The Royal Brunei Armed Forces (RBAF) is the military of the sultanate nation of Brunei Darussalam. In addition to the Royal Brunei Armed Forces, Brunei also hosts bases for the British Army and the Singapore Armed Forces.
Royal Brunei Armed Forces
The military of the sultanate nation of Brunei is known as the Royal Brunei Armed Forces, or Angkatan Bersenjata Diraja Brunei in Malay, often abbreviated ABDB. It comprises the Land Forces, the Air Force, the Navy, Support Services, and the Training Institute.
Foreign military forces
British Garrison Brunei
A Gurkha Battalion of the British Forces Brunei (BFB) from the British Army has been maintained in Brunei at the request of the Sultan of Brunei subsequent to the 1962 Brunei Revolt. The battalion is centered on the outskirts of Seria in the west of the nation. Headquarters BFB and the Resident Infantry Battalion (RIB), which is presently the 2nd Battalion, Royal Gurkha Rifles, are located at Tuker Lines. The RIB rotates every three years with its sister Battalion in Shorncliffe, United Kingdom to maintain operational currency. It is the only completely acclimated jungle specialty Battalion in the British Army. The jungle provides a special setting for honing dismounted infantry training and skills, ranging from individual marksmanship, navigation, and survival training to the creation of doctrine for jungle combat at the Battle Group level.
Nearby, the British Army's Jungle Warfare Division (JWD) and the 1563 Flt RAF both call Medicina Lines home. During their exercises in Brunei, JWD, the RIB, and other units get aerial assistance from 1563 Flt. Given the complexity of the jungle and the difficulty of getting about without a vehicle, this feature, along with Brunei Boat Section, is essential. JWD offers training to certify troops from throughout the British Army and alliance partners as Operational Tracking Instructors and Jungle Warfare Instructors.
The Sultan has appointed the Gurkha Reserve Unit (GRU), an elite group of Nepalese troops, to guard the royal household, the populace, and important oil infrastructure. The majority of the 500 Gurkhas who work for the Brunei Reserve Unit are ex-members of the Singapore Police Force and British Army who joined the GRU as a second career.
Singapore Armed Forces
A tight and long-standing defense alliance exists between Singapore and Brunei. Both military cooperate through periodic bilateral exercises, business exchanges, visits, and cross-attendance of courses, in addition to the Singapore Armed Forces (SAF)'s ongoing training exercises in Brunei that have been going on for more than 40 years. Singapore also maintains a training establishment in Brunei, known as the Jalan Aman Camp and operates support helicopters mainly to transport the soldiers to Lakiun Camp in Temburong District for jungle training. The other Singapore military establishment in Brunei is the Lakiun Camp in Temburong. This provides jungle training for the SAF in the interior of Temburong.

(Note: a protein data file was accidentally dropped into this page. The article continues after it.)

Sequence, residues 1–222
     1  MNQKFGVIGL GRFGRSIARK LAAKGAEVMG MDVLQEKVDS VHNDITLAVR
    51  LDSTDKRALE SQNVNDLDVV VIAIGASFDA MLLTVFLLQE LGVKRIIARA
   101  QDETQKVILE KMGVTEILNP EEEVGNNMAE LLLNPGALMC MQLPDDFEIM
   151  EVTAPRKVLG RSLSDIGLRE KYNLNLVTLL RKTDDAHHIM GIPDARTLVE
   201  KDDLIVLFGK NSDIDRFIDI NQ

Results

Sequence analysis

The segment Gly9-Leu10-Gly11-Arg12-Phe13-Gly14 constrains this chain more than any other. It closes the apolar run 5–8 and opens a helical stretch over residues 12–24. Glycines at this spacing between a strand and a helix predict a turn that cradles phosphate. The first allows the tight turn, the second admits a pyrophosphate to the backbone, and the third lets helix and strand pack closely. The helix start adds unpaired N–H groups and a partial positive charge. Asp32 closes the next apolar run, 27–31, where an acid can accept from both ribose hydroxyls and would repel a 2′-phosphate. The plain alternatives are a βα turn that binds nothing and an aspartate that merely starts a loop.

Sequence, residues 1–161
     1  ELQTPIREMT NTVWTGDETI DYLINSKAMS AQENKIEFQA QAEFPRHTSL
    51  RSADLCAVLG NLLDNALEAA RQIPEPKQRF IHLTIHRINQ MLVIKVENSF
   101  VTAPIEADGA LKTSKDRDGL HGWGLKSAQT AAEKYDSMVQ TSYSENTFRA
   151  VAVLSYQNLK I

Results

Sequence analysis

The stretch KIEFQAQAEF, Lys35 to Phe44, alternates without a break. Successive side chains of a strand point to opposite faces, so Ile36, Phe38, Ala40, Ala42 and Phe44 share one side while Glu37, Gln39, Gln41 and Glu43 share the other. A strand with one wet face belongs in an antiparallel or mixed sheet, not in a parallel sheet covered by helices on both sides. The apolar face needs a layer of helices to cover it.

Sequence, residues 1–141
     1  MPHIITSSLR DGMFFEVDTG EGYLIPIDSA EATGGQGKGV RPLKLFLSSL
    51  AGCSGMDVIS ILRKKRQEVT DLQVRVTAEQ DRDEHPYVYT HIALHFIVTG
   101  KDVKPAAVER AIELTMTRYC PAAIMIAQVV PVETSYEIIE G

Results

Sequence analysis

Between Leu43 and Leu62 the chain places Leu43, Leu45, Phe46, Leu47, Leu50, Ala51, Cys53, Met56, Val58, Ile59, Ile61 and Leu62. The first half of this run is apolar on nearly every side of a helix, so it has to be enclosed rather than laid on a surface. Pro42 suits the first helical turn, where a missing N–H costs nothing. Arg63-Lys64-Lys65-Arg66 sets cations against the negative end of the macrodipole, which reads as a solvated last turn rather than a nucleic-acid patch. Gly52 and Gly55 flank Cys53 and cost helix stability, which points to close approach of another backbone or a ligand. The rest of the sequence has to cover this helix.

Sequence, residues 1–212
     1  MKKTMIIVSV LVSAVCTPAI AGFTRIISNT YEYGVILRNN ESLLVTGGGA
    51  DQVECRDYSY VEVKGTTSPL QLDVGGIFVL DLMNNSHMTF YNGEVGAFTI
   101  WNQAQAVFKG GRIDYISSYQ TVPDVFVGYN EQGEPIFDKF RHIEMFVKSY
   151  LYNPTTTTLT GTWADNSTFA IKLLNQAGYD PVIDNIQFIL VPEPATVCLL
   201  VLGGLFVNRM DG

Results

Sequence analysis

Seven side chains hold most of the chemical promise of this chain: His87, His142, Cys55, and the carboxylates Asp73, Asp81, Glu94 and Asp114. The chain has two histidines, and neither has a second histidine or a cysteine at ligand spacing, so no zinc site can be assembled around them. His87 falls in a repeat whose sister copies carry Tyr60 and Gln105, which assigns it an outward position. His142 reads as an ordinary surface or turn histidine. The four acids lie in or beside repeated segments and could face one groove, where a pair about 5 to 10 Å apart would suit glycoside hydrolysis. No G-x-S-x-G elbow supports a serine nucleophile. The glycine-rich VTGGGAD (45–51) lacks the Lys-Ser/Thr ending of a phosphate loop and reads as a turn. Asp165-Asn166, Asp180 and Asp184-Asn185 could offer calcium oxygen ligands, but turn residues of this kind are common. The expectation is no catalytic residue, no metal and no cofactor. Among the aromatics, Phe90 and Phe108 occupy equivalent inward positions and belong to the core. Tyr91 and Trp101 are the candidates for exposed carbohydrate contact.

Prime Minister Lee Hsien Loong said on 6 October 2017, during a visit to see jungle and survival training at Temburong, that SAF personnel take care to maintain the environment in excellent shape for future trainees even as they engage in realistic training there. For instance, Mr. Lee pointed us that the soldiers utilized pouches to store the blank round cartridges they used to fire from their machine guns and rifles. This was done to prevent them from leaving behind empty shells in the forest, which has served as a vital training ground for the SAF for more than 40 years.
Pakistan Armed Forces
A British Loan Service Medical Officer founded the RBAF' Medical Service in 1964. To meet the needs of the Royal Malay Regiment, the Medical Service was founded. The first Medical Reception Station, or MRS for short, was built in the Berakas Garrison at F13, Jalan Abu Bakar. The British Loan Service was discontinued in 2011 when additional regional medical officers joined the medical service. To allow local medical officers to advance professionally, Pakistani Army medical officers have been seconded since 2014. There are now 20 officers working with the Medical Service, including 10 local medical officers (four of them are female), four Pakistani Army medical officers who have been seconded, one administrative officer, and one training officer. There are 105 civilian employees and 142 military employees (98 men and 44 women).
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